On a gorgeous April Wednesday I am filling in as substitute homeschool teacher. We do arithmetic; we do a language lesson about adverbs and Emily Dickinson. Then—did I mention the day is gorgeous? That the air through the window is crisp and fills the lungs with hope and delight? That the cardinals are courting round the bay tree and a wren is chirping from the buckthorn? That the sky is blue, the dandelions gold, the violets… er, violet? All this is so, and the substitute teacher, less inspired by whatever lies in the plan book before him than by the season swiftly unfolding outside the window, calls an audible.
“Let’s go for a hike,” I say.
Daughter cheers. I call it a wildflower hike, to make it sound more schoolish. We shall take notebooks and colored pencils and hunt along the river for wildflowers, and sit in the grass and draw them. We shall go where the wind carries us, so long as it carries us in a mile-and-a-half loop around Pea Creek Trail. Shouldn’t education be opportunistic, anyway? Need the vagaries of life and weather bow before the Almighty Curriculum? They need not, I say, and on this day I am teacher and principal, judge and jury. Off we go.
We draw spring beauties, we draw rue anemones. We note the shapes of their petals and the patterns of their leaves. We draw another sort of flower in meticulous detail in hope of identifying it later from the wildflower guide I forgot to bring along. We watch the turtles sun themselves on fallen logs. And then, after falling silent awhile, Daughter announces that she has composed a poem about the bluets. “Would you like to hear it?”
Of course I would like to hear it. She recites a half-dozen lines, lovely and heartfelt, then trails off, backtracks, repeats a line as if trying to remember it.
“Would you like to stop and write it down, so you don’t forget it?”
She would, and so we find a dry patch of ground by the water’s edge and draw our notebooks once more from the backpack. In solidarity I toil at some dreadful bit of verse which, if the literary world is truly lucky, I will never finish. Happily, I am soon interrupted.
“Should I say ‘on the riverbank’ or ‘on the bank of the river’?”
Now, this is a serious question. Poetry is supposed to be a personal matter, Calliope’s adherents be damned, and children are supposed to be encouraged to express themselves uncritically, lest we damage their fragile self-esteem. But she has asked it thoughtfully, not from weakness but as one writer to another: it is a serious question, a grown-up question, and it deserves a serious, grown-up answer, not a pat on the head. But how to respond? “Riverbank” has an economy that suits the practical, the utilitarian, the tweeter and the blogger. I once had a teacher, moreover, who decried the double prepositional phrase, and I have never succeeded in reasoning myself out of his pet peeve. But we are writing poetry, and I have never suffered utilitarianism gladly. This is a question about language, not propriety. And poetry is a personal matter. To sincerely and openly be asked advice on a piece of writing is a thrilling thing, but also a humbling one.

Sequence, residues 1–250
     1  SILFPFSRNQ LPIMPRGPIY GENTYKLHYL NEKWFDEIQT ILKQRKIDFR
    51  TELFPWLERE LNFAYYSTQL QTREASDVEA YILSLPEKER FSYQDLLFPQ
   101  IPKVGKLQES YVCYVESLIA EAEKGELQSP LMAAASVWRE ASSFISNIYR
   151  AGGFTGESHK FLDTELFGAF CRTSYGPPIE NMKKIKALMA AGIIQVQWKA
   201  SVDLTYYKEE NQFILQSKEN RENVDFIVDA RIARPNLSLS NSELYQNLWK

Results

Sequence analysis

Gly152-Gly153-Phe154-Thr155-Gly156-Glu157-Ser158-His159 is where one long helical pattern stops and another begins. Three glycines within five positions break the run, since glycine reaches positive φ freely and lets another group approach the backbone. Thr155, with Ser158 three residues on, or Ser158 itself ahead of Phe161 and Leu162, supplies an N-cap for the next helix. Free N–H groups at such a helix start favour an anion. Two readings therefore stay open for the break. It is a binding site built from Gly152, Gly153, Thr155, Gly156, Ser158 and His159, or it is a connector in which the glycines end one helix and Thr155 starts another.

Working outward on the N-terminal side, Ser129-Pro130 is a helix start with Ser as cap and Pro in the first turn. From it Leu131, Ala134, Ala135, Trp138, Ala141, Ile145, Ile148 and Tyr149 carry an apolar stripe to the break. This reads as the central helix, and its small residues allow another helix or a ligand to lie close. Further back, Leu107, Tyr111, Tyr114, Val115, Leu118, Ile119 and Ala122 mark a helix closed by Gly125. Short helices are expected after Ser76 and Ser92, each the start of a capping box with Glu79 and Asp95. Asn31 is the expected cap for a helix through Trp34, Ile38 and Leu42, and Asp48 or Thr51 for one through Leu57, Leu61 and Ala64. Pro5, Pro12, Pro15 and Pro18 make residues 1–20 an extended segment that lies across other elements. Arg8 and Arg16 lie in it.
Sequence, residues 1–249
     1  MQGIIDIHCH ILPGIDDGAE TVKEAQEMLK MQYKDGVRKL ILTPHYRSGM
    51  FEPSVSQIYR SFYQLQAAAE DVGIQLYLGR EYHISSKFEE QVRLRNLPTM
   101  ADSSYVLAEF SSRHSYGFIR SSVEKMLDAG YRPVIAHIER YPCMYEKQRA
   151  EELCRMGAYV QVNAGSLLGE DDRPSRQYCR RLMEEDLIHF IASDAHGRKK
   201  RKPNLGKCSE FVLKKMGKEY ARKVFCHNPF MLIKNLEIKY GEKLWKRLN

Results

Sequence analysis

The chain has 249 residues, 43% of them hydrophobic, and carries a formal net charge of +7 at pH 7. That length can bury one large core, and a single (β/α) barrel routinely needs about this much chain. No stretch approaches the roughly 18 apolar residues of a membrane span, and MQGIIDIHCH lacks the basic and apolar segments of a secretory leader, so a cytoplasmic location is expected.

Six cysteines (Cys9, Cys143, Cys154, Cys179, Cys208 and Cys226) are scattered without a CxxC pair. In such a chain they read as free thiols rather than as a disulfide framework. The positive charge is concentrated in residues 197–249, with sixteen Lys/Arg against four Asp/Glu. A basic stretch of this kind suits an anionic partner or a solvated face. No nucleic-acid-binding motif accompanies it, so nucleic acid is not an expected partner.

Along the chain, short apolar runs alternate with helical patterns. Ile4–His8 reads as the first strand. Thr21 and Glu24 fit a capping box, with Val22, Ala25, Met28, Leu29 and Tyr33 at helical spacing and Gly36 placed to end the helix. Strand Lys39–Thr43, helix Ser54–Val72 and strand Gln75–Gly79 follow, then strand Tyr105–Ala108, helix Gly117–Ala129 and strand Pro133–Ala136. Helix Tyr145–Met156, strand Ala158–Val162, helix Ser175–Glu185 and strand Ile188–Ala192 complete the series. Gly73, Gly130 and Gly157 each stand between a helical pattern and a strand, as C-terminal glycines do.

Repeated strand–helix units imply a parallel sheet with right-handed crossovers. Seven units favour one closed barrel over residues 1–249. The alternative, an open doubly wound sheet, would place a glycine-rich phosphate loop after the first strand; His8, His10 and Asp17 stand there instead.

“Can you read me the whole line?”
The bluets are, she reads, “standing on the riverbank in the morning.” Or “standing on the bank of the river in the morning.”
“The second one,” I say without hesitation, and then scramble for analysis to justify my response. “‘The bank of the river’ fits the rhythm of the line. Riverbank ends on a hard sound that makes me think the line is over. It feels like a hiccup before the line goes on. But,” I add, “it’s your poem. You have to decide how you feel about it.”
She thinks the matter over. “I agree,” and she writes the phrase in her notebook. “I like ‘bank of the river’ better too.” Then her eyes move over it again, and she asks, “Should I say ‘standing joyful’ or ‘standing joyfully’?”
Relief. This time I can repair to grammar. “Joyfully is an adverb, and so it describes the verb standing. You’re describing how the bluets are standing. But joyful is an adjective, and so you’re describing the bluets themselves. So it’s a question of whether you want to describe the bluets themselves or the way they’re standing.”
“I’m describing the bluets themselves,” she says firmly, reaching for her colored pencils to illustrate the poem.
In the moment, sitting thoughtful on the bank of the river in the morning, nothing about this conversation strikes me as unusual. Daughter knows if she asks me a serious question I will give her a serious answer, and I am always happy to be asked my opinion on just about anything. Nor do I find it odd that anyone, even a child, would be spontaneously moved to poetry: isn’t everybody? (Even if only to a dirty limerick?)